Are you a Google Analytics enthusiast?
More SEO Content
Is Seo An Extra Skill Or A Prerequisite?
Posted 27 September 2007 - 09:19 AM
Good question and one i feel quite strongly about. I run a Full Service Web Design Firm for Small Businesses and your question is one I am faced with on a daily basis.
Unfortunately, there is an old saying in the Selling environment "Sell and don't tell" i.e. if the customer does not ask the question, even though you think they should, then it is not your responsibility to tell them. This approach is adopted by the majority of the Sales profession whose main objective is to get the deal first, then make sure, when it is then passed on to development, they can prove they did not try and deceive the customer. They have targets to meet, afterall!
However, if you are a Small Business like us, then this approach will, most likely, come back to haunt you later on down the line. When people buy from us, there is a lot of trust involved. They expect us to have their best interest in mind and also expect to be guided through the mysteries of Web Design and SEO (which they are, in most cases, totally unaware of). Having a once happy customer that then points an accusing finger at you when they feel let down, is not particularly pleasant, especially, if you take a real interest in them and their Website.
It is with this in mind, we always make clients aware of the limitations of totally Flash based designs. In fact, I am speaking with one at the moment and have just persuaded them to adopt a Flash/HTML approach. Since we can easily demonstrate to customers, we have no preference and can quite easily do both, they tend to heed our advice.
Basically, it all comes down to how ethical you are as a business.
People trust us when we they use us to build their Websites. Abusing that trust is not something we would ever knowingly do.
However, many businesses do not share this philosophy and is one of the main reasons why our industry is not held in such high esteem and will remain so for the foreseeable future.
Posted 27 September 2007 - 12:01 PM
My question to throw in to the mix (before I forget the thought) is:
Why do we assume that the online world is so different from the offline world?
There is a vast difference between popping down to your local printer to get a business card or brochure designed and seeking out a smart marketing company that will build a campaign to benefit your business.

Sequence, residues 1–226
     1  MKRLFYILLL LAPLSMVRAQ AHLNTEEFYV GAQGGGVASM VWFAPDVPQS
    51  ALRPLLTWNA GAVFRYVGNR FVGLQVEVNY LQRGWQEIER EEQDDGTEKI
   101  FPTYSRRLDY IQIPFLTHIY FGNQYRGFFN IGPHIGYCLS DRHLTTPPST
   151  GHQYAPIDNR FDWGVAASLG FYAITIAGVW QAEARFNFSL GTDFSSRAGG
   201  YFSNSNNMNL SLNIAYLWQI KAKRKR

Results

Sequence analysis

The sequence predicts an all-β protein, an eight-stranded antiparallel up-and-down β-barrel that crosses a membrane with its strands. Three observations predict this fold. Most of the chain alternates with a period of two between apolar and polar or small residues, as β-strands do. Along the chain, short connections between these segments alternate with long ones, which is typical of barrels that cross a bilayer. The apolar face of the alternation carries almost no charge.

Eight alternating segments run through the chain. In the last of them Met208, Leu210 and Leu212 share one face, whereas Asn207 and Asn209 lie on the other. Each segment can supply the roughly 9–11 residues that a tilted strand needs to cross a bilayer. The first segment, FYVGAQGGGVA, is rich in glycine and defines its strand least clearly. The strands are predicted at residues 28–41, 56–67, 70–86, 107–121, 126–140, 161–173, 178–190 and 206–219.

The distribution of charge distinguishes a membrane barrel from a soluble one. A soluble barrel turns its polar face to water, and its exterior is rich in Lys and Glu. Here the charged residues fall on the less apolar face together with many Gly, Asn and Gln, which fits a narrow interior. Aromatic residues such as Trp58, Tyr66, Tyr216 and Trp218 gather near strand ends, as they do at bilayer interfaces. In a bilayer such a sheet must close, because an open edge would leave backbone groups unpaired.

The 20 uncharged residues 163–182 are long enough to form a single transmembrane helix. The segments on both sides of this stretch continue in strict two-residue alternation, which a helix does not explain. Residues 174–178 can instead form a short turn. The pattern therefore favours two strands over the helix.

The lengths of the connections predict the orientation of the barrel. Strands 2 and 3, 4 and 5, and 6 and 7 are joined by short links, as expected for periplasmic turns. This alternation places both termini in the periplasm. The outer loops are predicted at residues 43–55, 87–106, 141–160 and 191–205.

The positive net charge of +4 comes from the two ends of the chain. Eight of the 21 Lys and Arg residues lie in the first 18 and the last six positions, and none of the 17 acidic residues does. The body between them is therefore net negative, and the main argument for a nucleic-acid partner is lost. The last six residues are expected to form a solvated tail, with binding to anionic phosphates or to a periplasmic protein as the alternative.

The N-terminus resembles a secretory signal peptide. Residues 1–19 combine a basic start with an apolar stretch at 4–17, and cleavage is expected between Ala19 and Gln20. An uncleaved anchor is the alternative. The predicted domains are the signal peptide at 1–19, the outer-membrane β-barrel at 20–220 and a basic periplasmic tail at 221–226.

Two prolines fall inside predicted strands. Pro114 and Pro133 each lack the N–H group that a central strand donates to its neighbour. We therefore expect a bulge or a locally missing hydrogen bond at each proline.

When interacting with any media there are people at all skill levels. A business does need to know what they want to acheive and seek out those that have a track record in the arena they wish to acheive in.
Totally agree with comments that boil down to truth in advertising...anyone claiming to offer services they cannot deliver should be shunned.
No, they should learn and become aware so they don't keep dealing with the wrong people - people who may be skilled in what they do, but may not be able to deliver on requests not spoken - everyone works at the level of their own knowledge base and skill level.
Why is online so different from traditional? Are expectations higher??
It would be extremely unusal to find someone you can hire who is proficient in all of these disciplines. Almost impossible really. However they do all play off of each other when it's done right. Unfortunately this Whole Package idea is what many customers seem to expect, and sadly what too many design firms or seo firms seem to advertise without any real concept of how to provide the whole package.
But there are some rare birds that do provide the total picture - whether well teamed or solo - they are usually in hiding...and hard to please (you would have to prove yourself to them before they considered you as a potential client)
Edited by excell, 27 September 2007 - 12:39 PM.
Posted 27 September 2007 - 01:07 PM
It was nice to see someone else say "ethical" - because I believe this is being a responsible professional.
IMO - If you have "knowledge" that can help your client/prospect out, then not sharing this information with them is not only dishomest (to a degree), but is also very unprofessional. How do you sit there and do your part of the job professionally (as you see it), while knowing (the entire process) that they should be implementing some SEO/SEM to actually reach their goals? Whether you can provide said service or not...? You are aware that the website needs this to "win" online (among other things - granted). So, is this withholding of information not NOW a part of your job? Didn't you make it this way?
I sold PC's for almost 20 years, and I know the sales end... DO NOT ADD FUDGE TO ANY SALE. Fudge being anything that could/ would/ or might confuse the consumer or add to in-decision... exactly what they (sales guy) does not want. Well (IMO), then they did not do a good job of selling anything (at least not anything that would meet the goals they failed to listen to when the client was speaking). Why wouldn't they just "add" the SEO to the sale? Even if they had to outsource it? It's because it adds doubt or fudge (an unknown), that they themselves really can't explain properly, so they do not approach it... they know they can get the sale/ contract/ client whatever - if they don't go there.
This in my mind is not ethical, and it is an opinion. If you can't do the seo or sell the seo/sem, does that mean your client does not need it to reach their goals online? Or maybe it's easier not to concern yourself with those things because you are just a programmer, artist, writer, etc. hired to do your job?
Yes, unfortunately this ends up being the client's problem, and they are the ones who lose or at least pay more down the road because the first time through (2nd, 3rd) they were not being told the truth by their TEAM of professionals who all knew that the website needed some sort of search engine exposure but nobody stepped-up because it wasn't their job... or business? That's just a guess.